The dispute dates to 2007, when Stephanie Lenz posted a 29-second clip of her toddler dancing while Prince's “Let's Go Crazy” played in the background. Universal Music sent YouTube a takedown notice that asserted the clip infringed copyright. Lenz said the video was protected by fair use principles. After around six weeks, Google agreed and restored the clip.
Lenz later sued Universal, arguing that the Digital Millennium Copyright Act imposes liability on companies that knowingly send improper takedown notices. Lenz and Universal both contended that they were entitled to win the case without a trial.
Earlier this year in San Jose, Calif., U.S. District Court Judge Jeremy Fogel rejected both sides' arguments and ruled that the dispute presented factual issues that can only be decided by a trial.
Now, both Universal and Lenz have appealed to the 9th Circuit. Each side says it was entitled to win without a trial.
Universal argues that it can't be found liable because it didn't knowingly send a wrongful takedown notice. “A copyright owner ... has not knowingly misrepresented that a use is infringing by failing to consider fair use,” the company argues. “The most that can be said is that a copyright owner acted negligently in sending the notice without considering fair use.”
For her part, Lenz says that Universal acted in bad faith because it sent a takedown notice without considering whether the clip was protected by fair use. “Universal had all the facts it needed to determine that that Ms. Lenz’s use was lawful, if only it had bothered to consider the issue,” Lenz's lawyers from the digital rights group Electronic Frontier Foundation argue in court papers filed on Friday.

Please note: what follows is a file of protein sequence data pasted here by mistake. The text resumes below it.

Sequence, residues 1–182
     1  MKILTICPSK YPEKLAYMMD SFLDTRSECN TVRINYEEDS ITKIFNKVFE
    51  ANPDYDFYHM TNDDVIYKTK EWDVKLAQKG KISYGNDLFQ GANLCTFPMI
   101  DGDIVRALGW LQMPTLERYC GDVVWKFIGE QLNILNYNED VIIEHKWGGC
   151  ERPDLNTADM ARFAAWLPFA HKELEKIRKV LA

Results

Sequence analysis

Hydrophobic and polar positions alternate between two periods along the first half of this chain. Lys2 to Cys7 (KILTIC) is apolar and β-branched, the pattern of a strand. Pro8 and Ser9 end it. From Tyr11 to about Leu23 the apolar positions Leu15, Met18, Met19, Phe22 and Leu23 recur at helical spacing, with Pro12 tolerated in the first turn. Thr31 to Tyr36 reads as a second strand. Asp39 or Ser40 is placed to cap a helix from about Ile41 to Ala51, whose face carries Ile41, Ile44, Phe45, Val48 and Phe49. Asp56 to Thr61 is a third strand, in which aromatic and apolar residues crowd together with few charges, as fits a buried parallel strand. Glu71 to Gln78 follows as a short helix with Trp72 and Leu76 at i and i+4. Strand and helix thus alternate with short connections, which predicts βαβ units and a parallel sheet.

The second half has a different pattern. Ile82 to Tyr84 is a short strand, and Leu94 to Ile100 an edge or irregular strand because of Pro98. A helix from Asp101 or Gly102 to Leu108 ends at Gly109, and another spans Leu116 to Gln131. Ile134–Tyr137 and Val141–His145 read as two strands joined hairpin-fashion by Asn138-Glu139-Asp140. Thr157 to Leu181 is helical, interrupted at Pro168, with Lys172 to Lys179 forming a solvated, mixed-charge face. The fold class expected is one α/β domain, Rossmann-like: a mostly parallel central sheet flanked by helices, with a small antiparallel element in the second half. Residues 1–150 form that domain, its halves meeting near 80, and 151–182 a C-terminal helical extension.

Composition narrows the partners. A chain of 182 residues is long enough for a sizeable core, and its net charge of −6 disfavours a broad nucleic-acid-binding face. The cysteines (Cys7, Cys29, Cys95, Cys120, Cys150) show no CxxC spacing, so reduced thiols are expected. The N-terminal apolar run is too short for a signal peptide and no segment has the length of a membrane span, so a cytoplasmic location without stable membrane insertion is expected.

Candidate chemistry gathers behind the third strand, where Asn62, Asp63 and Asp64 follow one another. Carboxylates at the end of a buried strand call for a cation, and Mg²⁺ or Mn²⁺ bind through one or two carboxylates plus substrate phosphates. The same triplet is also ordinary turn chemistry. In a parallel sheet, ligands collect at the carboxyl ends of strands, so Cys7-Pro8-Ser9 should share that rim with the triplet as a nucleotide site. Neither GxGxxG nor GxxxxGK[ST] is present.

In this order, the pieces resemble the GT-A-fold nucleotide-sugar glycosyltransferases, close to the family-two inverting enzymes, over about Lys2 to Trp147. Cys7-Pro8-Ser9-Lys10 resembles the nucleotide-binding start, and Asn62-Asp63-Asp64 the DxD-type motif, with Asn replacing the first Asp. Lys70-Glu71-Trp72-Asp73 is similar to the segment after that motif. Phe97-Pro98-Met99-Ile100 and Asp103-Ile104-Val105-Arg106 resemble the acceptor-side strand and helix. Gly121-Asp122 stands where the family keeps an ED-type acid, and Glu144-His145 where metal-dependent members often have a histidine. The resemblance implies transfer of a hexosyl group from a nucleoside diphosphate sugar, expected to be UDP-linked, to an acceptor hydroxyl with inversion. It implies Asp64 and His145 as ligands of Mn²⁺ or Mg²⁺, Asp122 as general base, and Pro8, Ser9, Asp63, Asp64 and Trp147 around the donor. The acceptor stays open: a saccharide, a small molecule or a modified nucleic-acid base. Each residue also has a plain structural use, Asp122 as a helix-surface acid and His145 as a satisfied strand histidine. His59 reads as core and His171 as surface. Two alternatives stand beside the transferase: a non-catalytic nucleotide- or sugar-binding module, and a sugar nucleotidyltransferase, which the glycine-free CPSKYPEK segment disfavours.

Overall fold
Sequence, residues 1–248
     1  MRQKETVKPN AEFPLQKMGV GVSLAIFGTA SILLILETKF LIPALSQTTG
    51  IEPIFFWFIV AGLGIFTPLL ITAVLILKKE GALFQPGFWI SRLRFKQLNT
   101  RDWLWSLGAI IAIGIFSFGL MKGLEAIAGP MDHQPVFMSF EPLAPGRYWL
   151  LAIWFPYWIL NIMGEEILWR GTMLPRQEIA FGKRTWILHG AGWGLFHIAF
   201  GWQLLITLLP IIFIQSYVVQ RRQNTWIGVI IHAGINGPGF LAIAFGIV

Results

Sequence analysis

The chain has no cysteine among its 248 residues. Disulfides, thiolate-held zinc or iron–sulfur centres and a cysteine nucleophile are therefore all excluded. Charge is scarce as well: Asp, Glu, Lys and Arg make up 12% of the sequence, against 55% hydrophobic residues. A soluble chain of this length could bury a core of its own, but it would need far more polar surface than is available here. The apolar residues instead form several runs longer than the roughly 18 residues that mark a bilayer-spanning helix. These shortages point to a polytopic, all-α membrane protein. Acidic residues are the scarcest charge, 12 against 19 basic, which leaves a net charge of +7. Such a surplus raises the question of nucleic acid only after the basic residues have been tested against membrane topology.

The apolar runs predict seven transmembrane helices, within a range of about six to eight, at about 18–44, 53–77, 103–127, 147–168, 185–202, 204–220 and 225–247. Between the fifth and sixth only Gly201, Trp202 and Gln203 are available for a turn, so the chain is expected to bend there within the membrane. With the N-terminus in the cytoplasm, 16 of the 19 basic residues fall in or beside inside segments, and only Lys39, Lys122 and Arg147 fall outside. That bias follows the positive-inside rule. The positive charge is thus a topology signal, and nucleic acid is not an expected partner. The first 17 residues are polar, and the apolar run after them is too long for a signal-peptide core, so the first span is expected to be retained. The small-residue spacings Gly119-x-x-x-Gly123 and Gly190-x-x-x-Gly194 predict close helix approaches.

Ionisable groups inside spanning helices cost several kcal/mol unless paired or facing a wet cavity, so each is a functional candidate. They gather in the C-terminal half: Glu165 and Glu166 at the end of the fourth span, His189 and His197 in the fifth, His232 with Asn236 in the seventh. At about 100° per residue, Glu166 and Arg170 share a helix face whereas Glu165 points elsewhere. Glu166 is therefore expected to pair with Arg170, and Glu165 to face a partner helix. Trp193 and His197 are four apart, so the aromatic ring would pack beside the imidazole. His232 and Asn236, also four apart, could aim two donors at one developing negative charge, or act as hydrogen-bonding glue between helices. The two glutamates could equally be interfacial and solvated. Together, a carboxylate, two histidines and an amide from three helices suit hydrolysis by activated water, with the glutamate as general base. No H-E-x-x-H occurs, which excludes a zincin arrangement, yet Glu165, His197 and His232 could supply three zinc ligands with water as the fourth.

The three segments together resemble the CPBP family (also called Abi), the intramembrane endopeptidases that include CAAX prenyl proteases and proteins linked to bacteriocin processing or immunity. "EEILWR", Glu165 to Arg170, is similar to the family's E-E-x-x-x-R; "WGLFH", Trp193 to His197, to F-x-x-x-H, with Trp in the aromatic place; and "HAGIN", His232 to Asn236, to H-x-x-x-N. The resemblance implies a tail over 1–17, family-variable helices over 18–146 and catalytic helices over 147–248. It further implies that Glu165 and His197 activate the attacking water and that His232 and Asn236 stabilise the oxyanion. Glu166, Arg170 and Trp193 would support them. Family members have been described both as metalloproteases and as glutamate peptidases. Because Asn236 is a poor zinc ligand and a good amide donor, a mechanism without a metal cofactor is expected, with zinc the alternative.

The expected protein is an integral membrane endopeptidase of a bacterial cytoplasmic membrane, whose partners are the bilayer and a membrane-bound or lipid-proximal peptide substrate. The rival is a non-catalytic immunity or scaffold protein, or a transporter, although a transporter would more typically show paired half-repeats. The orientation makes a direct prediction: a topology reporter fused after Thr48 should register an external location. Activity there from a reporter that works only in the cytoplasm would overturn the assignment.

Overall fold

If Lenz prevails on appeal, the ruling could spur entertainment companies to proceed with caution before sending takedown notices. After all, figuring out whether a clip includes copyrighted music or film doesn't require a great deal of judgment. But determining whether the clip makes fair use of the material often takes more thought.
Fogel's ruling earlier this year also limited the damages that Lenz can potentially recover: Even if she wins, she can only be reimbursed for legal bills related to fighting the original takedown notice -- which don't amount to very much. Fogel rejected Lenz's theory that she was entitled to damages because her "freedom to express herself through video had been restricted." He ruled that people can only recover damages when the government -- not a private company -- acts in a way that chills free speech.
Some legal experts said that ruling makes it extremely unlikely that other people will sue over wrongful takedown notices; doing so simply won't be worth anyone's time.
Lenz is now asking the 9th Circuit to also reverse that portion of Fogel's ruling. The EFF argues that Lenz is entitled to compensation for Universal's alleged infringement of her ability to express herself online. “Ms. Lenz is not arguing that Universal 'violated' the First Amendment, because the First Amendment by its terms applies only to state action,” her lawyers argue in their appellate papers. “Ms. Lenz simply notes that the right to speak unquestionably has value -- that is precisely why the Constitution prohibits Congress from making any law abridging freedom of speech.”